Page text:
The Commonwealth being committed to democracy and shared development faces a major challenge for its own existence, national security is influenced by multifaceted risks connected with gender security in the presence of global economic crisis and environment disasters. Therefore, raising awareness on the prevalence of sexual and gender-based violence must be a priority to create an institutional architecture towards equalization gender norms in a new social order. Further strengthening public institutions and broadening surveillance to address such violence must be a public policy focus while strengthening gender-focused corporate culture at the work place and uphold gender equality in corporate governance in the business world. There is an increased need to undertake legislative reforms to make mandatory legal provisions for essential services for women and girls and support their safety and access to justice.
In this context, parliamentarians can work in several ways. As parliamentarians being responsible for the formulation of legislation in support of a sustainable development within a democratic governance framework, they can go beyond their traditional oversight functions and become proactive to bring about statutory provisioning for gender equality in Public Financial Management and economic development. They can network within and with other legislative establishments elsewhere to promote a common agenda and mobilize resources including social activists, media to make a powerful voice and platform to end violence against women and girls.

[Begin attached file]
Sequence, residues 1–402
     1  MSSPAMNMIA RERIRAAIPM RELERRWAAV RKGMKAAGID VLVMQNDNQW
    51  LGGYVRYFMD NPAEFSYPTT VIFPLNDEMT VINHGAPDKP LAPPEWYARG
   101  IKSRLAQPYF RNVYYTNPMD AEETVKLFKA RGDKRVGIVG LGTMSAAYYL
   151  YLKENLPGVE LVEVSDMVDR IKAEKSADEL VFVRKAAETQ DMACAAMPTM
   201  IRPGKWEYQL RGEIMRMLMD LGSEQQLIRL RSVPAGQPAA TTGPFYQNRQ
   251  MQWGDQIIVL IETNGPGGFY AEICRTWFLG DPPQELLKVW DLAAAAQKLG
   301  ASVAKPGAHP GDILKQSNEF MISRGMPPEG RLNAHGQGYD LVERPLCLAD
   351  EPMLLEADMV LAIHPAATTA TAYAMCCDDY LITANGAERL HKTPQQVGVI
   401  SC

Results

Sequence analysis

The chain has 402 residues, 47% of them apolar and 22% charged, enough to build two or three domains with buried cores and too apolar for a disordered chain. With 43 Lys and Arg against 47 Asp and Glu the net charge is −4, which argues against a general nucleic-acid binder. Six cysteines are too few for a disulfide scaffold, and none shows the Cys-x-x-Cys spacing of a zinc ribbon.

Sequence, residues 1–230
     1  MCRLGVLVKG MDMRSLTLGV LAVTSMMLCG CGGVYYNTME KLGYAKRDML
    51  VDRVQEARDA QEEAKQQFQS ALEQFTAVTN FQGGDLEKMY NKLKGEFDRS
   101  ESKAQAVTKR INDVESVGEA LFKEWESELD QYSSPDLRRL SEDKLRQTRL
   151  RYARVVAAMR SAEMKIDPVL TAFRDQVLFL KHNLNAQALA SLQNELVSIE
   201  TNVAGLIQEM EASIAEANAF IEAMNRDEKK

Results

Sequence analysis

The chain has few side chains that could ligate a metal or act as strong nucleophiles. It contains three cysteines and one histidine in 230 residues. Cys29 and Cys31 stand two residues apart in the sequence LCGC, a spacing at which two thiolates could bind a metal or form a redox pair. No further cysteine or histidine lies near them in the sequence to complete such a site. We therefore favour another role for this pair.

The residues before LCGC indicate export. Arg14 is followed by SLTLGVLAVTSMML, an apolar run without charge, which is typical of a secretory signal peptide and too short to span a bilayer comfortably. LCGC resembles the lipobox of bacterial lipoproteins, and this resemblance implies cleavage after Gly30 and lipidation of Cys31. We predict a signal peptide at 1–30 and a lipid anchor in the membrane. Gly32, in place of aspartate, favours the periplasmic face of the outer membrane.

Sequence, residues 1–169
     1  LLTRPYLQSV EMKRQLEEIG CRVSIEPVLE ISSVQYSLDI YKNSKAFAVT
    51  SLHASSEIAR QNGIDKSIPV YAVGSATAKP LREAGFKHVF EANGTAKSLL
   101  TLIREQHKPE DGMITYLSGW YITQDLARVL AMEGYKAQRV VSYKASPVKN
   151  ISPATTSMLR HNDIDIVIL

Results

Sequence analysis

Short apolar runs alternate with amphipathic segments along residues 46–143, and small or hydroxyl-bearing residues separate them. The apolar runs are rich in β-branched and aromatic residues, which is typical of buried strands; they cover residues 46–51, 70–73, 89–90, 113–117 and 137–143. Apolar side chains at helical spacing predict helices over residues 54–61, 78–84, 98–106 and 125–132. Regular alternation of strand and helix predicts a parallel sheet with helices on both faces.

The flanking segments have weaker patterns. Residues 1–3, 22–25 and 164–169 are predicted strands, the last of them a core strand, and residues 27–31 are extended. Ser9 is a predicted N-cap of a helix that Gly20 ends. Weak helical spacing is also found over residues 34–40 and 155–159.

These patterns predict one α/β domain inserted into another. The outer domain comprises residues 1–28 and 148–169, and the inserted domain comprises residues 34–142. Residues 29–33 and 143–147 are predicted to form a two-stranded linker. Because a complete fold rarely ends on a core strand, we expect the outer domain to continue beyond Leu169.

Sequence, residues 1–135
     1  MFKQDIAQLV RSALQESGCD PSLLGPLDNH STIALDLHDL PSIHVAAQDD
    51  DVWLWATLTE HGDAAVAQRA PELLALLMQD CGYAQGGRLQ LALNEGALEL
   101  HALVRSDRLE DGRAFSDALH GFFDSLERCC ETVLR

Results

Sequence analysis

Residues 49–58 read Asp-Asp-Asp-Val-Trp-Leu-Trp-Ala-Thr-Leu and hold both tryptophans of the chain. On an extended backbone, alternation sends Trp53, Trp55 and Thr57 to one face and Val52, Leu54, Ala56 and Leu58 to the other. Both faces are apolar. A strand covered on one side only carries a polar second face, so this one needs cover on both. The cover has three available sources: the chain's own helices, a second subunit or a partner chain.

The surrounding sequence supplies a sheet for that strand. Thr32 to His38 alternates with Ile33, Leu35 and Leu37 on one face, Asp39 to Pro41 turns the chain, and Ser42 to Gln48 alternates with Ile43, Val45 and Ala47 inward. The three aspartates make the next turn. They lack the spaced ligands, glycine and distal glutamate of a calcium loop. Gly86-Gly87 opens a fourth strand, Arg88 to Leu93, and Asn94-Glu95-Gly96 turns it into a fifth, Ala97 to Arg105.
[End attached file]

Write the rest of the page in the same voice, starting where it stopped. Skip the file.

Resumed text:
Parliamentarians could also influence multilateral and bilateral funding agencies, private wealth funds and corporate world to recognize the benefits of investments in gender egalitarian development models and pursue such strategies collectively. As research in all aspects of violence against women and girls is so important input, parliamentarians could also mobilize all such agencies to work on a modern regulatory framework to create enabling environments for women and girls to become productive and dignified participants in any socio- economic activity in the society. It may be a road never taken but the future ahead for women and girls in a gender egalitarian society lies on this new path.
The road map ahead in the present context, demands urgent response to sustain COVID-19 resilience society, low carbon development strategy, innovation and modernization of agriculture, digital governance, balancing rural and urban integration, facilitation markets to work through well connected supply chains and restore financial stability. However, this road map also cannot be designed in isolation or by overlooking gender-based violence, poverty, malnutrition and suffering masses due to COVID hit economic setbacks in developing nations. Rescuing the people and their welfare demands immediate term actions. Trade-off of resource allocation between immediate term and long term must be therefore carefully balanced in the interest of democracy, social wellbeing and security of sovereign nations. Parliamentarians can work in this balancing act by aggressively giving leadership to such a consensus building process to make sure development is people centric and country owned.